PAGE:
25th May 2010

UMC seeks funds

Once the number 2 pure-play foundry in the world, UMC now lags behind TSMC, Samsung and GlobalFoundries in process technology.

The Taiwanese foundry is open to involvement from any strategic partner through private placement of 10% of its total shares or about $400 million for capacity expansion.. TI, ASML and GlobalFoundries are among the potential investors for the placement. GlobalFoundries has a major fab under construction in NY and is eager to add capacity; which can be achieved if it taps UMC. In fact, earlier in the year, it was rumored that ATIC approached UMC with a view to take a stake in it and secure additional production capacity.  A strategic partnership between the two would allow them to better compete with market leader TSMC.
 

Only the big can survive in this foundry biz. Consolidation will happen. The question is when and who will be the last few standing.

posted in Semiconductor, Business, Foundry | 0 Comments

11th May 2010

ARM’s foray into the server market

Coming close on the heels of ARM’s CEO, Warren East’s remark that ARM based servers will be out in the market in the next 12 months,  comes news from Marvell – the fabless company aims to supply silicon for ARM-based servers with 40-nm multi core processors that it will ship this year. As per EE Times, Marvell and ARM are working with “multiple Tier 1 companies” to build larger trial deployments to validate ARM as a server platform. Separately, Marvell has opened up its dual-core architecture, drivers and board support package so partners can create server software needed to support the new market initiative”

Opinions about ARM’s foray into server market making a dent in Intel’s server biz vary. ARM’s marketing chief, Ian Drew recently pointed out that “We’re an [intellectual property] company — we learned in last two years that we don’t know everything about everything. On the servers, it will take longer than we imagine because it’s a much more complex problem [than smartbooks or phones]”. ARM is running one of its websites (for the ARM Linux Internet Platform) on a cluster of ARM based chips, part of a handful of experiments to test out the viability of using its chip architecture in severs. They are Marvel based.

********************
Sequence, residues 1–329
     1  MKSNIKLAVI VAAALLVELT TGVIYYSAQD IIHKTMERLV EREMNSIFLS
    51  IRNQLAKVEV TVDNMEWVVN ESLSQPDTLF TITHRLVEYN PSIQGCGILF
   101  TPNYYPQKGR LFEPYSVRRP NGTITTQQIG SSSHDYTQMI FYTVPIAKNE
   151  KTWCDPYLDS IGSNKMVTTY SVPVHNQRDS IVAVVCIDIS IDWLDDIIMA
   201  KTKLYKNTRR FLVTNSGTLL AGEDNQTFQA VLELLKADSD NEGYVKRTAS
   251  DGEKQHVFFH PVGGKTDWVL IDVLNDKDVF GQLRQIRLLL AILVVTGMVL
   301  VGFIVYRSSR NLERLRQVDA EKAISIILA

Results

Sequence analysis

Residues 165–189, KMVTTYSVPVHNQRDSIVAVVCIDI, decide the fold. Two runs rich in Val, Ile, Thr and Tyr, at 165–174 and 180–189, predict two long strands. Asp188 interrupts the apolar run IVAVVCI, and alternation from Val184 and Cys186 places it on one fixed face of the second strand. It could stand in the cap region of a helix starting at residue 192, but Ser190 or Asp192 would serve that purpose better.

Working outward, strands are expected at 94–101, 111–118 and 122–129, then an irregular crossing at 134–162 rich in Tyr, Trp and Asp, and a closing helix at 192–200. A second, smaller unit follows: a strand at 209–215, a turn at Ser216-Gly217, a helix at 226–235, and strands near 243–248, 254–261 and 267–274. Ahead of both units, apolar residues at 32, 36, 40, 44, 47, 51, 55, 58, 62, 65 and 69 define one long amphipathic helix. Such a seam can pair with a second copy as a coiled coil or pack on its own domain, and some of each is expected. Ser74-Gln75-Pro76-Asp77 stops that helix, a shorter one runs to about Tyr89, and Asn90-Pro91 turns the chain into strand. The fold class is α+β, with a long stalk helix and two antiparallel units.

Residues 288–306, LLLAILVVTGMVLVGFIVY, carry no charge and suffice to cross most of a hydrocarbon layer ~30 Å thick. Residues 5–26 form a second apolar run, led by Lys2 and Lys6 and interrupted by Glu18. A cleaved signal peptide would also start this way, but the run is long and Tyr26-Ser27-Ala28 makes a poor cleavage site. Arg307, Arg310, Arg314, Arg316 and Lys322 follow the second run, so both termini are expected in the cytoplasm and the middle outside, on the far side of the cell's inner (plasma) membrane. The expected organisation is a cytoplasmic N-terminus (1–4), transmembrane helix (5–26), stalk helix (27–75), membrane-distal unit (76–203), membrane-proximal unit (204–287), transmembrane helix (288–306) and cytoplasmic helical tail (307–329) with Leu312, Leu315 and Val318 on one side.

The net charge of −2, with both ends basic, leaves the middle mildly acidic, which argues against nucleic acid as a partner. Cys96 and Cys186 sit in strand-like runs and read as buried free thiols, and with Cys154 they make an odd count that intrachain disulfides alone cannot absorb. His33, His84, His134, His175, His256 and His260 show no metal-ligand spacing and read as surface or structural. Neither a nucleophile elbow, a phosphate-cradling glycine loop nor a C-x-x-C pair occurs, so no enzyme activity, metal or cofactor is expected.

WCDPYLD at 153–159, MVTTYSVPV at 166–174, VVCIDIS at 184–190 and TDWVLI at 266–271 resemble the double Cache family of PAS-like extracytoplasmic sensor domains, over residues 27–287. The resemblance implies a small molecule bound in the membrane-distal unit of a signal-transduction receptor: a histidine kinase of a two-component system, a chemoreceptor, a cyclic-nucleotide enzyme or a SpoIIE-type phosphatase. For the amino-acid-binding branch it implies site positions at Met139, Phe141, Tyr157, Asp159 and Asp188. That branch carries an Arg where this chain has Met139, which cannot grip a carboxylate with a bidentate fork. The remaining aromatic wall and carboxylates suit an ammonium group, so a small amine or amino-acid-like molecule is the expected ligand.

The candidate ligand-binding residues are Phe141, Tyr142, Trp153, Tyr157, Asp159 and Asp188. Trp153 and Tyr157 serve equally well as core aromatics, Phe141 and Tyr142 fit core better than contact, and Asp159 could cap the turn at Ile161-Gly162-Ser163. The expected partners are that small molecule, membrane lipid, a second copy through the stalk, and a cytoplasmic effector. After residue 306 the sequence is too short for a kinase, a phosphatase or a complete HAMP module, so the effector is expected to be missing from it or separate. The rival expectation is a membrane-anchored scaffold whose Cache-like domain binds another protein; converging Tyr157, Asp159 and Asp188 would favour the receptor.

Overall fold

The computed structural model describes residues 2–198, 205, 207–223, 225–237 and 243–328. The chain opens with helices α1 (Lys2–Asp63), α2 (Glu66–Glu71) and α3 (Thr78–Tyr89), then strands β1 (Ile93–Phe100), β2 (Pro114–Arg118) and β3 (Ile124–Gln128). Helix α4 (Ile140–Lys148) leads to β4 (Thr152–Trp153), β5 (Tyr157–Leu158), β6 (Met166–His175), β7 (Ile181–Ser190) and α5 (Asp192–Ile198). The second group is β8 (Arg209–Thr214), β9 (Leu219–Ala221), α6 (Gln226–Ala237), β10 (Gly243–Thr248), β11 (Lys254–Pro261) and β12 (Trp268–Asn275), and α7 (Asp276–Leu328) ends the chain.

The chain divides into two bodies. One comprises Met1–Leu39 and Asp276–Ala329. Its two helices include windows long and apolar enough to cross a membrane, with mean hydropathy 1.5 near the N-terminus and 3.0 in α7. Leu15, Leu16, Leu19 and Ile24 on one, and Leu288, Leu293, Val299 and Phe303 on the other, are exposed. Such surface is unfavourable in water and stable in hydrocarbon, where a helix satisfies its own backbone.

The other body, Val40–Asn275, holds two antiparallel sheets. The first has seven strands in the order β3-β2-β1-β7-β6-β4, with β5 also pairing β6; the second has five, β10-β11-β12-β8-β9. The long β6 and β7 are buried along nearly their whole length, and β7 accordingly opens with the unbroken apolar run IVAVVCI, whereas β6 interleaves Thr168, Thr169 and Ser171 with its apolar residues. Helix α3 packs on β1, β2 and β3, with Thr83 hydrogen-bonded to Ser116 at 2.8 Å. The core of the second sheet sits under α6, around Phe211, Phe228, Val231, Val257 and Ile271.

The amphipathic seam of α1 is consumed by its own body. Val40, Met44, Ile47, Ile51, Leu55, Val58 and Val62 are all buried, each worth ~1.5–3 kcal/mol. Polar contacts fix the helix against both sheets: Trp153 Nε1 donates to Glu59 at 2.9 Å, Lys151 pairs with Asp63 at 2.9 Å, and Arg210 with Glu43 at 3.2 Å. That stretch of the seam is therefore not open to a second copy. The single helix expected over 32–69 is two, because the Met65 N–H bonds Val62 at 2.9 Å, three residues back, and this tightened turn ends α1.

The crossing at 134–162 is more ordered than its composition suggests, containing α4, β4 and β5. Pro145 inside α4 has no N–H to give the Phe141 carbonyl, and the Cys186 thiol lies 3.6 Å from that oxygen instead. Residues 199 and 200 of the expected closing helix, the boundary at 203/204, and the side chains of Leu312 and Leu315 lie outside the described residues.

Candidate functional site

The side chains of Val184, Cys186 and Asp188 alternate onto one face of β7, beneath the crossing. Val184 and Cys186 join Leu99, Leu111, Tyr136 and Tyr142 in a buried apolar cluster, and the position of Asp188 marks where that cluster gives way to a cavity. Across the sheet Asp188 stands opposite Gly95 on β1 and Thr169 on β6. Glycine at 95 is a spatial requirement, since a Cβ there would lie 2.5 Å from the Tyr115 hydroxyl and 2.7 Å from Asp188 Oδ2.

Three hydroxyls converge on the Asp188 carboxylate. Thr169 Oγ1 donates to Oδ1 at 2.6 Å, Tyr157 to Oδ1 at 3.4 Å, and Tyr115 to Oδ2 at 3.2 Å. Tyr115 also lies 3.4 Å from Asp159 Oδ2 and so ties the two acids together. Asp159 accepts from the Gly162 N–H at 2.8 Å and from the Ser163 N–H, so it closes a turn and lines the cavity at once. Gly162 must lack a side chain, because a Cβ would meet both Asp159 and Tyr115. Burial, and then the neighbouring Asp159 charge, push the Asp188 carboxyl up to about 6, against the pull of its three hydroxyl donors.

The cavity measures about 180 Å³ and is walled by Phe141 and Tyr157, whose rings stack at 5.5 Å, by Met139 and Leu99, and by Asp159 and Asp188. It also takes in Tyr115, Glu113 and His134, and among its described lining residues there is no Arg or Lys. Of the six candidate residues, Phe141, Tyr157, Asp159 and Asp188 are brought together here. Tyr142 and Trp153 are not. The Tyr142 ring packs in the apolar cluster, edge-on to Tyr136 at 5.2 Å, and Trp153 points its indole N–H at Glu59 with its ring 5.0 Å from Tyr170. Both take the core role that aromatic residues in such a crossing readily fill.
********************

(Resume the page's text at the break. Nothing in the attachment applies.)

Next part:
The server market, long dominated by Intel, has lately seen increasing power concerns. Google’s recent acquisition, Agnilux, was rumored to be making servers with ARM architecture. TI is researching the use of DSPs in servers. Intel’s best hope can lie in working along with companies using its low power Atom chips to build power efficient servers.
 

“East wasn’t willing to name the chip foundries that ARM is working with, however he said that information should tip up in the next 12 months.” Now if one of these foundries happens to be GlobalFoundries, it’d be interesting to see how the server market pans out – Intel’s long term rival, AMD and Global Foundries share the same parent company.

posted in Semiconductor, Business, IP | 0 Comments

10th May 2010

What’s happening on the 450mm wafer front?

Speaking at the International Electronic s Forum 2010 early this month, TSMC’s CTO, Jack Sun, said that he believed a move to 450mm wafers is important for cost reduction and that is going to happen; he reckons middle of this decade. 

The three biggest capex spenders -TSMC, Samsung and Intel want 450mm. But none have contributed substantial funding – an estimated $25bn - $30bn R&D investment by suppliers. 300mm was funded by the equipment suppliers. The same may not be expected this time as the fact whether the suppliers have recouped their investments is still uncertain. Plus they have their other expensive baggage – transition to new process nodes, TSVs, materials etc. 

Now come to the equipment makers. To improve their competetiveness and therefore increase their chances to be selected by the tier 1 semiconductor companies in their future 450-mm operations, the European semiconductor equipment and materials makers support the move to 450mm. However, large non-European semiconductor equipment manufacturers, including Applied, Novellus, Lam, TEL and others, have publicly slammed the idea of the 450-mm wafer transition  

Prior to 2002 (before 300mm wafers actually took off), semiconductor and equipment revenues were more or less aligned. However, post 2002, semiconductor revenues have continued to diverge from equipment revenues, and the ratio of equipment to semiconductor revenues is at an all time low - a divergence attributed largely to the impact of 300mm wafers. 

So the question remains: Who funds the 450 mm, if at all??    

 

posted in Semiconductor, Foundry | 0 Comments

7th May 2010

Analysts bump up their forecasts with “blowout” Q1

Q1 has been good for the semiconductor industry. Very good, especially w.r.t the dismal 2009.

With Q1 results ranging from knock out to good and promising, industry analysts (iSuppli, Future Horizons etc.) are also revising up their forecasts. The average forecast points north of 30. iSuppli noted that even though semicon revenues typically declines in the first quarter (compared to forth quarter of previous year), Q1’ 2010 saw chip sales up 1..1% compared with Q4 ’09.  Malcolm Penn of Future Horizons has been quite bullish. While cautioning about the potential for a second dip in the general economy, he maintained that only a monumental disaster of a scale similar to the banking crisis of 2008 could now derail the chip market recovery.